3. Know the market – what is your outlook for the future, and what is its effect on your organization? The shift towards value-based payments and accountable care means that now more than ever healthcare providers are forming “tightly aligned” networks to reduce costs and improve the quality of patient care. Are other major players expanding their population base through additional access points, developing accountable care organizations (“ACOs”) and exclusive contracting arrangements, and creating a full continuum of care into the post-acute arena? The organizations with critical mass are going to come out on top. Failing to adequately assess your competitors and their situations could portend a situation where your affiliation options become limited and your market share eroded.

4. In a value-based environment, size matters. How can you increase your defined population? As mentioned above, for thriving and financially sustainable providers, it will be crucial that they grow, fortify, and protect the defined population that they serve. It is becoming increasingly crucial that organizations provide sufficient access points to coordinated provider networks through both traditional mediums (emergency departments and physician offices) as well as innovative entry point alternatives found in the new competitive provider environment that exists today (health plans, urgent care centers, m-health, and retail clinics). Consider alternative points of care to acquire or affiliate with in order to expand access and improve the coordination of care for your population – your competition likely is.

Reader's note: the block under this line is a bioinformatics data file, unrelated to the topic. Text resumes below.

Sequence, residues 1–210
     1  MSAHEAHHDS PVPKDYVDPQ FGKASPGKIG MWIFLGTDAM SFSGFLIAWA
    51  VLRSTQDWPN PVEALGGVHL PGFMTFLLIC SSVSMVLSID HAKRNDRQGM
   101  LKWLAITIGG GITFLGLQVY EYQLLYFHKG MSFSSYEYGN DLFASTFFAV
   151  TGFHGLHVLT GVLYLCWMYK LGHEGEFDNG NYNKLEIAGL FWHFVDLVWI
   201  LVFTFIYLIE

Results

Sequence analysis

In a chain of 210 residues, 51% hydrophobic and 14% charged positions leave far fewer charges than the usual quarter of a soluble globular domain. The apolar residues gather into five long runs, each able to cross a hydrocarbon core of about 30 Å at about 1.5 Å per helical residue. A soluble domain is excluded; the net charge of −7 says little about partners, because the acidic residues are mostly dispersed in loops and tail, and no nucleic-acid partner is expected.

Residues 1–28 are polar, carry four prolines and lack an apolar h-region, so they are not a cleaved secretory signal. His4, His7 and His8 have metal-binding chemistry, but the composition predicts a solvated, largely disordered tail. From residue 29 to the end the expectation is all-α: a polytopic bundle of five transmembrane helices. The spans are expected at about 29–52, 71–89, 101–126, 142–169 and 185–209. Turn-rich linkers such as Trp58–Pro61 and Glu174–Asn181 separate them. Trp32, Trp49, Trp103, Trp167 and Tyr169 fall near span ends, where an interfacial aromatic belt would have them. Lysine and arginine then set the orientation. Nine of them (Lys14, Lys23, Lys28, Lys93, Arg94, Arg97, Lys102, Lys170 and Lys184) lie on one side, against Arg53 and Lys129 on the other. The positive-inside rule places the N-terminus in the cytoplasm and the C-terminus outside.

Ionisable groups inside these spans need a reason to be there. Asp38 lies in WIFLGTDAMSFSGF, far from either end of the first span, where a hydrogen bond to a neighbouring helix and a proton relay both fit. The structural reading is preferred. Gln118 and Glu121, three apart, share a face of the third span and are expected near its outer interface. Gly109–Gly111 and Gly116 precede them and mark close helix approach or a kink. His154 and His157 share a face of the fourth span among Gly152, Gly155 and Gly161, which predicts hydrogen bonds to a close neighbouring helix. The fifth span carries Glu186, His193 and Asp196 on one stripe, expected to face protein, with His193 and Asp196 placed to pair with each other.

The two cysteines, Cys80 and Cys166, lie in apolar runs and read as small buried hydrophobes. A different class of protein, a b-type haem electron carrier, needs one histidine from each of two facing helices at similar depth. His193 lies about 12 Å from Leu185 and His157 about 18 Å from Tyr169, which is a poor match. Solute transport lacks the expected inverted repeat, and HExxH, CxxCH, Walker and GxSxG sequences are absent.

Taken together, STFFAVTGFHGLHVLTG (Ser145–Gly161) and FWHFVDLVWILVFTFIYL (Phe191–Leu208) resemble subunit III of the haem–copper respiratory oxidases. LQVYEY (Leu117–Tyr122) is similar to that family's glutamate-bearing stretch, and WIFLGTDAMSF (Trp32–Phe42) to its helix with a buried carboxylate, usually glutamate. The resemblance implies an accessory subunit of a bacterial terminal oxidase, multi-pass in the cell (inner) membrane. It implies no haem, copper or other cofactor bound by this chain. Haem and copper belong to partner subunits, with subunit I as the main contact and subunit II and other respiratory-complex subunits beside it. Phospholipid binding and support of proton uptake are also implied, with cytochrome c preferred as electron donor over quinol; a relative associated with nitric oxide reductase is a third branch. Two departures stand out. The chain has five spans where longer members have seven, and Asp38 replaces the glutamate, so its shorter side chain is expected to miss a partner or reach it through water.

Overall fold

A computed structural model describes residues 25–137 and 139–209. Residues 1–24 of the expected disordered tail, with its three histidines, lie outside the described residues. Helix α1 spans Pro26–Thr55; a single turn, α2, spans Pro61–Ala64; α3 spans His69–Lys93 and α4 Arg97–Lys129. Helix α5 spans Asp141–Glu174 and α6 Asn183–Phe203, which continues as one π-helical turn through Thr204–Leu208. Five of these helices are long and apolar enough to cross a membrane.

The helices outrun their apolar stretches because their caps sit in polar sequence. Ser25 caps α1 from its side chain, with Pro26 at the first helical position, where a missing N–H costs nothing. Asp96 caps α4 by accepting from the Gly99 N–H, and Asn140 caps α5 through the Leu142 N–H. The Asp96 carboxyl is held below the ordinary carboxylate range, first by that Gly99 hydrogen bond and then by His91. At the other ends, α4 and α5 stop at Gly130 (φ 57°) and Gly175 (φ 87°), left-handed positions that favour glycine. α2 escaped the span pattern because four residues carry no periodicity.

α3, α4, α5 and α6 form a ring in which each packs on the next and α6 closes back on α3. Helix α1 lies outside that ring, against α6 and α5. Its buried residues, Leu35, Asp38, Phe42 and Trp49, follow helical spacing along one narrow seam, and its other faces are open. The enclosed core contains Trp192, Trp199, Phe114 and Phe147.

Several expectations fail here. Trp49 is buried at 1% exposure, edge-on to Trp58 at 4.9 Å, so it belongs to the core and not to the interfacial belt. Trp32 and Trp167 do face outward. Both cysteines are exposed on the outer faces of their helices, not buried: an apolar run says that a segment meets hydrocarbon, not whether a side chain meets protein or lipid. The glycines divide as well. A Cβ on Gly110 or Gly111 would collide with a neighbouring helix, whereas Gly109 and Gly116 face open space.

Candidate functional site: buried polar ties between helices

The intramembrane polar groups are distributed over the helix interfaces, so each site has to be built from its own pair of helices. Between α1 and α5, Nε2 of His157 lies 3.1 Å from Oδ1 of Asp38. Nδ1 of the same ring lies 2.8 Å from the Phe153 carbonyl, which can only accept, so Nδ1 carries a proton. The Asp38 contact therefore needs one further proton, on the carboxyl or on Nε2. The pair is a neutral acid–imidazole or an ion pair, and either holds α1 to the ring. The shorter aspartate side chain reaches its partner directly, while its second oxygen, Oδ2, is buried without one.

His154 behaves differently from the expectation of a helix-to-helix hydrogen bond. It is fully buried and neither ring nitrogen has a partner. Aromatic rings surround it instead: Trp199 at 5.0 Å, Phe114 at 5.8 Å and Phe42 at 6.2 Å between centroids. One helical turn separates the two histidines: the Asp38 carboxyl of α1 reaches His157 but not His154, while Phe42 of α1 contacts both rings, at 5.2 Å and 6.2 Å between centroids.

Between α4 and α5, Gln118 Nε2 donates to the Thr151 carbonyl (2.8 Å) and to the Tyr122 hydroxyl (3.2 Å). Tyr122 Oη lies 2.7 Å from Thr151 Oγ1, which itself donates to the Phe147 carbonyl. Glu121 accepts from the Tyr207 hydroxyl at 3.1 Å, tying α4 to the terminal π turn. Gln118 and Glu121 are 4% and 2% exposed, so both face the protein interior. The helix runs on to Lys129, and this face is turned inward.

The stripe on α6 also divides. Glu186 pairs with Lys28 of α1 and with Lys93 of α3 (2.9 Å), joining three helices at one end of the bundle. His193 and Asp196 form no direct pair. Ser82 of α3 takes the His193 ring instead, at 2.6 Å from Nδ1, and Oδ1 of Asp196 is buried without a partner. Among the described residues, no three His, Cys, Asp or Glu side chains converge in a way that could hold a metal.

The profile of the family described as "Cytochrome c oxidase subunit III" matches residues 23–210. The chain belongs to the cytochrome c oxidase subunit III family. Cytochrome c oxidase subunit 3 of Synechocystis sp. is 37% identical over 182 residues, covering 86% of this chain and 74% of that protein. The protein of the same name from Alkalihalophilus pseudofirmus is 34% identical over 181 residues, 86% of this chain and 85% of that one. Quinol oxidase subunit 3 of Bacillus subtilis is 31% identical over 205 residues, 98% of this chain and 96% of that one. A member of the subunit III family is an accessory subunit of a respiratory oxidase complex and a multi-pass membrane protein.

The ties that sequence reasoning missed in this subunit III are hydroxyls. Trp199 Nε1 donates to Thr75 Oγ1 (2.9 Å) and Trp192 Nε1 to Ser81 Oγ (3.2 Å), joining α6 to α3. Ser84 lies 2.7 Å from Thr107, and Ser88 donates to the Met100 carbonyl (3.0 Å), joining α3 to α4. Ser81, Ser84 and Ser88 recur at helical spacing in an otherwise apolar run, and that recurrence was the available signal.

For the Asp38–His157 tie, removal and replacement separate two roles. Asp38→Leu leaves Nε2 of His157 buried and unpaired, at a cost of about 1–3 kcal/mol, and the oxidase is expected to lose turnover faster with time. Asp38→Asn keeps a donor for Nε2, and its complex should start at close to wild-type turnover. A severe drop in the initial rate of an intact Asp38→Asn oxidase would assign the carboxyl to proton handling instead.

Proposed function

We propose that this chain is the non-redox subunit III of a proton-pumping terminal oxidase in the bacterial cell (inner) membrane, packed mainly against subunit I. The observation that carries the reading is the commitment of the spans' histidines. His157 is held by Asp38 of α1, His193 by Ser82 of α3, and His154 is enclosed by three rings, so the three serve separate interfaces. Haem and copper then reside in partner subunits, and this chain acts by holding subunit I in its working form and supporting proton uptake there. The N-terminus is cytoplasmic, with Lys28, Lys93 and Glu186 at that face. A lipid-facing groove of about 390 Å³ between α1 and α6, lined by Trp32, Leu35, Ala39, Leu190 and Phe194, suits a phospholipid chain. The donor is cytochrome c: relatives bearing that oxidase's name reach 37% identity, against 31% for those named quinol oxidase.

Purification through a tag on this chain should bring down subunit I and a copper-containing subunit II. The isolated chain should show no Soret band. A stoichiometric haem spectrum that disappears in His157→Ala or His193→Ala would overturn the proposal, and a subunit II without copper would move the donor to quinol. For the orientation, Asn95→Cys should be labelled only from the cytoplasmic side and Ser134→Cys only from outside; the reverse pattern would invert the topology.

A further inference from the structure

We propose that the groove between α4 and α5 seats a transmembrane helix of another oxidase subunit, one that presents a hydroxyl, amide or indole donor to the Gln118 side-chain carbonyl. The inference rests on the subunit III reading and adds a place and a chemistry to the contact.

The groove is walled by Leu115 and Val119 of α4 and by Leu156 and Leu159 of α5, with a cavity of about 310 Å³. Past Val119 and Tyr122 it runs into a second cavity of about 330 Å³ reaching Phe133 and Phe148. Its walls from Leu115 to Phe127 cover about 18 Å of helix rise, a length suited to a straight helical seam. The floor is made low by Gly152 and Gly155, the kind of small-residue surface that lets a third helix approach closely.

5. Choose the right affiliation structure – there are more options than just mergers and acquisitions. Today’s healthcare environment provides an increased number of innovative alignment options for organizations contemplating integration. Gone are the days where organizations needed to complete outright sales or mergers with full change-of-control. Instead, many organizations are pursuing affiliations to meet organizational goals and strengthen financially, including joint ventures, clinically integrated networks, sales to real estate investment trusts, or joint operating agreements. Affiliating can be an attractive option to maintaining a degree of organizational independence while propelling the organization’s mission and fulfilling its defined objectives. Just be clear that the affiliation structure will be the best option to meet your goals.